The nature of human beings is to remember dramatic events longer than methodical processes, even when the methodical process may be of equal or greater importance. That may be why North Korea watchers remember the September 2005 action against Banco Delta Asia but tend to forget the greater part of the strategy that action served: sending Stuart Levey, Daniel Glaser, and other officials on a world tour to warn bankers and finance minister to cut their ties to Pyongyang or risk losing their access to the U.S. economy. It was not merely the stroke of one pen that brought Kim Jong-Il to the brink of insolvency; it was the stroke of a pen that put iron behind the velvet gloves that Levey and Glaser wore.
For months now, I’ve been watching for signs that the Trump administration would deploy such a strategy against Kim Jong-Un. The good news is that the signs of such an effort are now unmistakable. The bad news is that this effort is proceeding too slowly to deliver the necessary results in time.
Starting in May, the President asked the leaders of the Philippines, India (see also) and Vietnam to step up their enforcement of North Korea sanctions and cut their economic ties to Pyongyang. More recently, Ambassador Joseph Yun visited Malaysia, Singapore, and Burma to ask those governments to do likewise. Both Singapore and Malaysia have been havens for North Korean money laundering. Burma has long hosted North Korean arms dealers and been involved in suspicious arms-related deals with North Korea, including some involving nuclear technology. Yun’s message to Burma was that it should not expect the U.S. to restore full diplomatic relations until those dealings end.
Recently, the U.S. delivered a similar message to Sudan, another North Korean arms client. Otherwise, however, there is little evidence that the U.S. has pressured Namibia to shut down a North Korean arms factory, Angola to end its arms deals and use of slave labor, Egypt to expel its local KOMID representatives, or Tanzania to ensure that it cancels the registrations of North Korean ships.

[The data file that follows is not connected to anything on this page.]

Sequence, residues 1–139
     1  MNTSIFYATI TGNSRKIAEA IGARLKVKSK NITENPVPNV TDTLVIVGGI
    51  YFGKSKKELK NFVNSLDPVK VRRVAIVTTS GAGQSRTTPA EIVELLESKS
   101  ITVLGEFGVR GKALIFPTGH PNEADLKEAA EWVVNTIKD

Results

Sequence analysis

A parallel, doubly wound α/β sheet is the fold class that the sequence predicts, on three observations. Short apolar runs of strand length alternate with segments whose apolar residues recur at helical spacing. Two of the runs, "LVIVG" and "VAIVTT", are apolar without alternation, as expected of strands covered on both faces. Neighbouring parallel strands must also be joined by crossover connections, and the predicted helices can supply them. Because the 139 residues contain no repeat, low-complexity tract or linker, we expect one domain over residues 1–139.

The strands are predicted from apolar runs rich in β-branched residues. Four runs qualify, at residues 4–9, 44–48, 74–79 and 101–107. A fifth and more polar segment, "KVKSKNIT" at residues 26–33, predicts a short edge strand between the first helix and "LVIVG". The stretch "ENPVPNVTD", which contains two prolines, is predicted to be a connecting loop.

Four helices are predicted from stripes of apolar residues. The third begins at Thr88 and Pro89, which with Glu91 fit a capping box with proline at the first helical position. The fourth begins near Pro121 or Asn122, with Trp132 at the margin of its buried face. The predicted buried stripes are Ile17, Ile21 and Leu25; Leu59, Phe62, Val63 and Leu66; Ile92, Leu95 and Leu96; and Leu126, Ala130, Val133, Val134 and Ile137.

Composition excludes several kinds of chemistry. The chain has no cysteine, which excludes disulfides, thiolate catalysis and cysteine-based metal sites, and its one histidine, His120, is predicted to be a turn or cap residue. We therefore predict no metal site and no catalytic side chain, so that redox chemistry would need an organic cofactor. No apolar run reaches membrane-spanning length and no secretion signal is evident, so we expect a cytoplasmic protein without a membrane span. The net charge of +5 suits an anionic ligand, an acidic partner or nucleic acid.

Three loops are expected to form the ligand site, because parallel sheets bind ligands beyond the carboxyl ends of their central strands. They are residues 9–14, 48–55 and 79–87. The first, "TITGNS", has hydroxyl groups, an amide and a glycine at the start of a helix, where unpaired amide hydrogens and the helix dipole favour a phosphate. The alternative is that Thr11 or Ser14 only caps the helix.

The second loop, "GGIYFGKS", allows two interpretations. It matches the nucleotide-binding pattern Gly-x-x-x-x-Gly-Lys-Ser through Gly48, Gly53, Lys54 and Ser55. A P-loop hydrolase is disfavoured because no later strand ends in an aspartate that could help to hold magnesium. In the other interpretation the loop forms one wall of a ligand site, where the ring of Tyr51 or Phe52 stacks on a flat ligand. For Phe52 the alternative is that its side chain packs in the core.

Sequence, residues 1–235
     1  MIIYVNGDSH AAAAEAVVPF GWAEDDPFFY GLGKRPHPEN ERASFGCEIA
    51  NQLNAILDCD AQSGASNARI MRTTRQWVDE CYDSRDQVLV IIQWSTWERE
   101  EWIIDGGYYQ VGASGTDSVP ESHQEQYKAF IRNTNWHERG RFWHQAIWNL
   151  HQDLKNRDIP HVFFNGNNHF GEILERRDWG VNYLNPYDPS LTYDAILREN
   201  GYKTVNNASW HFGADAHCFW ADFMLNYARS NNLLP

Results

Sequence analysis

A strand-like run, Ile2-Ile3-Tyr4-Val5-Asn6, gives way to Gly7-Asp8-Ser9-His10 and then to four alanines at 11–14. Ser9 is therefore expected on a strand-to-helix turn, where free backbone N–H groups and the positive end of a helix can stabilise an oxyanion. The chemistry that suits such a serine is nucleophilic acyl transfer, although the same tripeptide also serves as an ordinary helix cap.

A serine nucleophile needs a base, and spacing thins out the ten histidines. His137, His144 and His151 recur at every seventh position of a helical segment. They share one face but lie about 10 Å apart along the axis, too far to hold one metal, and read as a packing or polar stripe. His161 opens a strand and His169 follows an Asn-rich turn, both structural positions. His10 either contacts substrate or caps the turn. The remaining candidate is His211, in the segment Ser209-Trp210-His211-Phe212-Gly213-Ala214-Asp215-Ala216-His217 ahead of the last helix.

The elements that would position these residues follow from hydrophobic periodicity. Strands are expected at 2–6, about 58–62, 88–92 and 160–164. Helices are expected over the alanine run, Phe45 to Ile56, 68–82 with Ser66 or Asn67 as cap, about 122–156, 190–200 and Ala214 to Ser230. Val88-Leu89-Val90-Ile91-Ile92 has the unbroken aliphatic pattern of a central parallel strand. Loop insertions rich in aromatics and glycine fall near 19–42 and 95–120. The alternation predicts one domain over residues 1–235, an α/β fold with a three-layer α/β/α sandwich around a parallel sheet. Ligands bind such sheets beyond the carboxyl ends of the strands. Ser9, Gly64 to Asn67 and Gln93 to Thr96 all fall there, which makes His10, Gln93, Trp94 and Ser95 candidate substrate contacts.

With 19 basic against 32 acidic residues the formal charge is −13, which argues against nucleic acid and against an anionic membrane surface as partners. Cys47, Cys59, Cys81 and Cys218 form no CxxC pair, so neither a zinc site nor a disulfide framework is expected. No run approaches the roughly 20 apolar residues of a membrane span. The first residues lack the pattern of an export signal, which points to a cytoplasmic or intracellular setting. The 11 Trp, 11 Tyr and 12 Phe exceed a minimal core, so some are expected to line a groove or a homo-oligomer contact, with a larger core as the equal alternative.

Congress has also joined the effort by pressing Taiwan to cut its commercial ties in a provision of the new Taiwan Security Act. For an ostensible U.S. ally, Taiwan has been implicated in transferring sensitive technology to North Korea with disturbing frequency. For example, starting in 2009, the Treasury Department designated (and the U.N. Panel of Experts has repeatedly mentioned) a Taiwanese arms dealer and several of his companies for selling machine tools to North Korea.
Last week, banking regulators in Latvia fined two banks for flunking their due diligence obligations to detect and prevent North Korean money laundering. Let’s hope that this is only the first of many similar moves by states to enforce the financial due diligence obligations found in paragraphs 11 through 16 of Resolution 2094, and in subsequent resolutions.
In 2016, while the Obama administration slept, South Korea’s Minister of Foreign Affairs, Yun Byung-Se, also went on tour and secured commitments from multiple states to reduce their economic ties with North Korea. It should not surprise us that since the election of Moon Jae-In filled the Blue House with advisors with histories of addlebrained appeasement or alarming, even violent, pro-North Korean activism, the pace of Seoul’s diplomacy has dropped off to almost nothing. I’ve found evidence of one effort by Seoul in sympathy with this campaign, when Moon had a telephone call with the UAE’s Crown Prince, although it’s far from clear whether he asked the UAE for anything specific, such as sending North Korean slave laborers home. Diplomatically, one can hardly say that Seoul is an ally at all anymore. It barely suffers the burden of accepting a subsidized defense from North Korean missiles, courtesy of American taxpayers.